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Legal Immigrant Deported For "Crime" of Taking a Bath. By Roger Algase

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Nolan Rappaport should be commended for the painstaking research and discussion of the issue of crimes committed by immigrants in his article: Analysis of Immigration Subcommittee's Sanctuary Cities Hearing in the July 28 issue of Immigration Daily.

This does not necessarily mean that I agree with his conclusions or recommendations.

In any discussion of immigration and criminal law, it is important to distinguish between serious crimes and minor or trivial ones. Does putting detainers on or deporting immigrants convicted of DUI or disorderly conduct really promote public safety?

A few years ago, one of my former clients, a woman who was in this country with a legal work visa who could have looked forward to a promising career and future in America, was arrested and ultimately deported for bathing together with her boy friend and his young son after being sentenced to pay a token fine. She was not aware that there could be any problem with mixed or family bathing when one of the parties was a child.

At her criminal court hearing, there were two ICE agents in the back of the room who took her into custody as soon as she had paid her fine, and locked her up for a in deplorable jail conditions, before eventually putting her on a plane back home.

Did that do anything to make America a safer and better place? Our elected lawmakers should be asking questions like this instead of exploiting the murder of an innocent young woman in San Francisco as an excuse to whip up anger and hysteria against immigrants in general.

Instead of trying to sensationalize this tragedy in order to demonize millions of Mexicans and other minority immigrants, would not our Congressional leaders be making better use of their time by investigating why so many African-American US citizens are dying in police custody? We may be waiting a very long time for those hearings to begin.
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Roger Algase is a New York lawyer and a graduate of Harvard College and Harvard Law School. He has been helping primarily skilled and professional immigrants obtain work visas and green cards for more than 30 years. Roger's email address is algaselex@gmail.com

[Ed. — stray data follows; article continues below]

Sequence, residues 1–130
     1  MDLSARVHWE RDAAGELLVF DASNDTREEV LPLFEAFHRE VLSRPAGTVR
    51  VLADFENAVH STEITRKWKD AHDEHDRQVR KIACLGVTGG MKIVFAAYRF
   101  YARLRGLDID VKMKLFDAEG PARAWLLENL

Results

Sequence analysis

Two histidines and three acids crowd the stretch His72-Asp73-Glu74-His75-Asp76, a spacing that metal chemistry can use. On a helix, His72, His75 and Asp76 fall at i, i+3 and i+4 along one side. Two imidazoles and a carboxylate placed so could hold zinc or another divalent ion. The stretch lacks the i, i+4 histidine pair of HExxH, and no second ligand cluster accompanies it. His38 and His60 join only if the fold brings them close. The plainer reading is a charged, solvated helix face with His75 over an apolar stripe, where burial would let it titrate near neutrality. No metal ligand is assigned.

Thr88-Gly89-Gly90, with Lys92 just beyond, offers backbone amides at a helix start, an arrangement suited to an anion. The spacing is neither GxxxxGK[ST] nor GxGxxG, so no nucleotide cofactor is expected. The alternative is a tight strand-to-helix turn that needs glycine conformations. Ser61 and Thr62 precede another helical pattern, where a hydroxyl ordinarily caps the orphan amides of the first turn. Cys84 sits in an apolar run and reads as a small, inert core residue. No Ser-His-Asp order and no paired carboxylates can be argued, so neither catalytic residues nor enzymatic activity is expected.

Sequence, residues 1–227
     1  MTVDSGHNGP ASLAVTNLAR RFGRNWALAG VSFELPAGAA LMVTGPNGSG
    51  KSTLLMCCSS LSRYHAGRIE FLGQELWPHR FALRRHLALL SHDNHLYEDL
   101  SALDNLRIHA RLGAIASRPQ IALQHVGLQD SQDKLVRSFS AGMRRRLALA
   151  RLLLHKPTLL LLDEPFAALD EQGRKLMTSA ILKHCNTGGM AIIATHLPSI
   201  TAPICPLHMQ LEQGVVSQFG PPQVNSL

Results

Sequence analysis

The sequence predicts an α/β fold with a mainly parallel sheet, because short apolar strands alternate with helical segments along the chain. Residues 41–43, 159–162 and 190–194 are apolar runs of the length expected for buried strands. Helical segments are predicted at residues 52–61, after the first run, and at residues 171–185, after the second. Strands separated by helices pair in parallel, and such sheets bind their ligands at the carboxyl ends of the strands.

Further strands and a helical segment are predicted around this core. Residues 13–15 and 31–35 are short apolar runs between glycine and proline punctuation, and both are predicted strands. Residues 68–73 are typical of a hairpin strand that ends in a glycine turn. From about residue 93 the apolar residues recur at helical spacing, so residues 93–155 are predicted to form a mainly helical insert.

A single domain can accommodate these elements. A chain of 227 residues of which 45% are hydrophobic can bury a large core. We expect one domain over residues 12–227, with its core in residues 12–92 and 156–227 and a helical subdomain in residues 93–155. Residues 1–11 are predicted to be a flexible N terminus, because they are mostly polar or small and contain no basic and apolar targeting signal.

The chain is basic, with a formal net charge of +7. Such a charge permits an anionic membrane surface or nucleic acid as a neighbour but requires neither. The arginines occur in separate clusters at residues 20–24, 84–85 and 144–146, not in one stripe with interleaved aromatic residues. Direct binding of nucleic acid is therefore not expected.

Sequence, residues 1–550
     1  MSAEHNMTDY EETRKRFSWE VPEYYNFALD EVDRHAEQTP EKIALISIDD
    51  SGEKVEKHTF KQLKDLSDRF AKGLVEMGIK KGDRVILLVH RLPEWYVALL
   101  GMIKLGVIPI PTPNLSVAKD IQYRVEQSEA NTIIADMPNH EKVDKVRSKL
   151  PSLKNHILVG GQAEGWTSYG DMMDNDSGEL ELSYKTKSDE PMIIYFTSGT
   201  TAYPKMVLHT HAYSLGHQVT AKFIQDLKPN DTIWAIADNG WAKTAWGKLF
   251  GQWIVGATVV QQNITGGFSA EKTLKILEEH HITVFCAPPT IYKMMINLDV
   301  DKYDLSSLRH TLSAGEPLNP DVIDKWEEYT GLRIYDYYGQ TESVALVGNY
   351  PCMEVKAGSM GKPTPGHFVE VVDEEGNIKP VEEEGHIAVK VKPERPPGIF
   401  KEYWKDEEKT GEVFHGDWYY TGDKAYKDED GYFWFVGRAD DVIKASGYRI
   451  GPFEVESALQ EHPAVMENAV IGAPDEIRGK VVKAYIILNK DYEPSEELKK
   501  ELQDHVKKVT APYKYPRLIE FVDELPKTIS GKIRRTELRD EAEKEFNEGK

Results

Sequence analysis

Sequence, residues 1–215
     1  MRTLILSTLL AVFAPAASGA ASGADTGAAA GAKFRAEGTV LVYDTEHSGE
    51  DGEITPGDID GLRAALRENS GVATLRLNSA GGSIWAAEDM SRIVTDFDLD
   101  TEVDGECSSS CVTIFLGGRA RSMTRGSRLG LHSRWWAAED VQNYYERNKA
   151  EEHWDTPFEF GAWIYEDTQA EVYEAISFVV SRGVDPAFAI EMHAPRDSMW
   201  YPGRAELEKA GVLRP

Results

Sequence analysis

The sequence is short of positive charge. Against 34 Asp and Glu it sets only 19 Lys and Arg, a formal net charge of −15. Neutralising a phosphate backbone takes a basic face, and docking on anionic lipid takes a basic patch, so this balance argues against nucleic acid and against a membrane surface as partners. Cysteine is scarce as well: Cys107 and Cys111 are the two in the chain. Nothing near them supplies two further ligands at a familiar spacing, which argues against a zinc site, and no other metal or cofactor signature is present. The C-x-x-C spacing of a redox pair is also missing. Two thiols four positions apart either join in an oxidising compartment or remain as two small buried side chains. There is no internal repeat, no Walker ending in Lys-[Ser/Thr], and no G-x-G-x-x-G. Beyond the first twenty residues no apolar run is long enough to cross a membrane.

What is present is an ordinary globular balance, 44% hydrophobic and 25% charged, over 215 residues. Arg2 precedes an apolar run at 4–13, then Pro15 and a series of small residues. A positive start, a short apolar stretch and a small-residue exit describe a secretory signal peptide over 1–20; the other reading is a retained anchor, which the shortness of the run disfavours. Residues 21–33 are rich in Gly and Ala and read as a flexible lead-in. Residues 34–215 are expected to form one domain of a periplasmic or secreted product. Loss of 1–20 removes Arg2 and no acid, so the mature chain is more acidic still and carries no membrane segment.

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Updated 07-30-2015 at 08:54 AM by ImmigrationLawBlogs

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Comments

  1. Retired INS's Avatar
    If she was here legally, who informed ICE of the trial? Was the offense really enough to violate her status? It sounds like she needed a better attorney.
  2. ImmigrationLawBlogs's Avatar
    Retired INS asks a good question. The ICE agents advised that they "had their own ways" of finding out about the case without elaborating.

    I cannot discuss any further details of the case to protect the person's privacy, but she was advised and represented by highly knowledgeable and experienced lawyers in both criminal and deportation law.

    Roger Algase
    Attorney at Law
    Updated 07-30-2015 at 05:10 AM by ImmigrationLawBlogs
  3. Nolan Rappaport's Avatar
    I agree with Roger that a distinction should be made between serious and nonferrous crimes, although I don't consider DUI a nonferrous crime in view of how many fatal car accidents are caused by drunken drivers. I think we should support President Obama's efforts to identify, arrest, and deport dangerous criminal aliens. I would not ignore other crimes, however. I think they should be considered in connection with whether an alien should be included in a legalization program.
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